Help! I’m Struggling with Family Succession Planning

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According to the KPMG and Family Business Australia Family Business Survey 2015, family-owned businesses represent approximately two-thirds of the Australian business landscape. Many families hope to retain their legacy, passing their business on to the next generation. When it comes time for you to consider succession or retirement, you will also face the decision: how do I successfully transfer the management of my business?

There are several paths a business owner may take to transition their business, which include internal transition (family succession, management buyouts, MBOs, sale to existing partners or employees) and external transition (sale to a third party). A recent survey shared in Greg Johnson’s new book, Business Breakfree: Seven Steps to Successful Succession, suggests 58% of business owners who chose internal transfer acknowledged they were going to transfer within their family.


There are many reasons to choose family succession. Some owners feel fulfilled seeing their business survive – and thrive – in the hands of a capable family member. Others believe their family will be the most invested in the company’s future. Unfortunately, the succession process is not always smooth sailing and only 30% of family-owned businesses successfully transfer to the next generation.


Some struggles that owners experience with intergenerational transfer, or family succession planning, include:

  • Conflicting expectations between family members
  • Rivalries within the family dynamic
  • Younger generation may be hesitant or disinterested in the business
  • Business infiltrates all aspects of family life, challenging work-life balance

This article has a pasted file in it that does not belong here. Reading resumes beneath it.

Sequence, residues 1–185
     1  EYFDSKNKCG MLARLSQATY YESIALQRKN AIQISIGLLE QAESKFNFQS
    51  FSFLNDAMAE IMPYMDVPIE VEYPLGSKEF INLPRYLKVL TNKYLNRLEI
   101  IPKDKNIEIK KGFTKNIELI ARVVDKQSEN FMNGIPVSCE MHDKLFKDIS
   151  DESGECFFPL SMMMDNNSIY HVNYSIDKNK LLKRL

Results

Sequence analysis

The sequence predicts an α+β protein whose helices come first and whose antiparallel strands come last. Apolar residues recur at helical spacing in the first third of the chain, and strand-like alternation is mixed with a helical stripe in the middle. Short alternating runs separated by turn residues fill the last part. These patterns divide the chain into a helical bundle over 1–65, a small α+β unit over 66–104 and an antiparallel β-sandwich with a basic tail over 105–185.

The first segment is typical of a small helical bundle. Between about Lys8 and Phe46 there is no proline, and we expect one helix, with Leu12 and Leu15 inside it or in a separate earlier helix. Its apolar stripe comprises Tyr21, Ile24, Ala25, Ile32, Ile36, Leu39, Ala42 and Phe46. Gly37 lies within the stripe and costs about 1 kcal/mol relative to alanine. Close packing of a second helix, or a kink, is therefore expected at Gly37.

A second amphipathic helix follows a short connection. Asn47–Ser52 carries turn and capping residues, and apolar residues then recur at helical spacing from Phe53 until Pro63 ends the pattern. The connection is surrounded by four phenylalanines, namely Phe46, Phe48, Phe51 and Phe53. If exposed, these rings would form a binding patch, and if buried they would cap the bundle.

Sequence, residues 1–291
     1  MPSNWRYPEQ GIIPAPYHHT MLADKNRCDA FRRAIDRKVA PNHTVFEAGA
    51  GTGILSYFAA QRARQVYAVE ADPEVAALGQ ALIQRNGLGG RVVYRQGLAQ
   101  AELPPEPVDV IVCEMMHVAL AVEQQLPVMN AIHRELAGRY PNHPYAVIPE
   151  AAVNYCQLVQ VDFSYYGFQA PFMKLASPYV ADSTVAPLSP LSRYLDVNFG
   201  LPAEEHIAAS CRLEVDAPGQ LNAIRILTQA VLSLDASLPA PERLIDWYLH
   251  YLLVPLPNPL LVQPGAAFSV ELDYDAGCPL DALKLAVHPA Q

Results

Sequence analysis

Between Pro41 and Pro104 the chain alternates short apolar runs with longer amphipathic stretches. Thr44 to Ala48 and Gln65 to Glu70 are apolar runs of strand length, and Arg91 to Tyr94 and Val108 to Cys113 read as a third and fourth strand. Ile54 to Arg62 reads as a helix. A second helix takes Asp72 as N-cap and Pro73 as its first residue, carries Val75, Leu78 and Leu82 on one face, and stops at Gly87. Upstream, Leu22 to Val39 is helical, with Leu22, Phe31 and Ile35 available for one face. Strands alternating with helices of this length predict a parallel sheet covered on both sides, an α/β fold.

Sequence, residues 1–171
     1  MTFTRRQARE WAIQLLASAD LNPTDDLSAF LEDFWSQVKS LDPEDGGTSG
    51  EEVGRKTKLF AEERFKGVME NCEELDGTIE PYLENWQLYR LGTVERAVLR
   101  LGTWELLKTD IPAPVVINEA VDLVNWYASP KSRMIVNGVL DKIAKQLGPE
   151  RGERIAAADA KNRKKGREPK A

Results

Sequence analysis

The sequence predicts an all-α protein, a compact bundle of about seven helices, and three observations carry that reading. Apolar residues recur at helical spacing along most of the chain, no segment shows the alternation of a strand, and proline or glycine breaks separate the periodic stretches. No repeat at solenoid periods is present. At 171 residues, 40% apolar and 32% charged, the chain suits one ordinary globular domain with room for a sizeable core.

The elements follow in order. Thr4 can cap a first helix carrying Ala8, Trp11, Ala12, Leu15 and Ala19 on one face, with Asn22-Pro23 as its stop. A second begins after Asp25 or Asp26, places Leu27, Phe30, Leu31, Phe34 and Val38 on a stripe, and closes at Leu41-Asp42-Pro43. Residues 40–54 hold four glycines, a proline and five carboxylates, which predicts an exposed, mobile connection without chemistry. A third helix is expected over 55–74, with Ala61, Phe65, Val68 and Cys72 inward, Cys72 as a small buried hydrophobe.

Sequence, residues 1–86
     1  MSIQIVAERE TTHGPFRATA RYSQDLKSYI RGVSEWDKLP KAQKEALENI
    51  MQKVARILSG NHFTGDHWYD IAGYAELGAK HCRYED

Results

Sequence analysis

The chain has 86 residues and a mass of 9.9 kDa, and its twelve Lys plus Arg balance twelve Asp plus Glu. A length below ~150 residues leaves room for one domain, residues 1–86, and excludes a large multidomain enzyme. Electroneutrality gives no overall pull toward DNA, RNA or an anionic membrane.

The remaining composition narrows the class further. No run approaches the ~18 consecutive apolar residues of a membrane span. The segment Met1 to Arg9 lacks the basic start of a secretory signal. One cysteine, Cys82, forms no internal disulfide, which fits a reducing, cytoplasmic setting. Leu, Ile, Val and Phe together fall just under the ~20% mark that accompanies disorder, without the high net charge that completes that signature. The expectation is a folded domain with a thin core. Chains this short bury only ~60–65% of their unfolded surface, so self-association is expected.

Discussing this option at least five years prior to your expected succession will offer enough time to determine if it is the right option for you and your family members.


The typical process for passing on the business to the next generation includes:

1. Business owner identifies personal needs and vision for the future of their business
2. An open discussion with family members is held to understand needs and visions for the future
3. Business owner seeks advice from a succession planning specialist
4. Plan is created on how to preserve the owner’s assets for their heir(s)

5. The leadership transfer and transition planning process commences
6.  Successors are identified, prepared and trained to take over business
7. Gradual transfer to new leadership and the final handover

Ascend Business Partners recommends nominating a single successor from your children or other relatives involved in the business. If nominating several successors is your best option, it is important to eliminate conflict by:

  • Allocating separate responsibilities to each successor
  • Appointing a board of directors, including independent members
  • Establishing a formal dispute resolution process


Choosing the best successor can be a touchy subject that, if not handled properly, can affect even the closest of families.  In creating a family succession plan it is important to take into consideration the family members that have the most to gain, and the most to lose, to ensure the plan satisfies both the business and the family.

When it comes time to take the challenging next step, it is best to work with a professional to ensure that you are meeting all business succession needs for both you and your family members. Ascend Business Partners has years of supporting successful ownership transitions between owners and their family.

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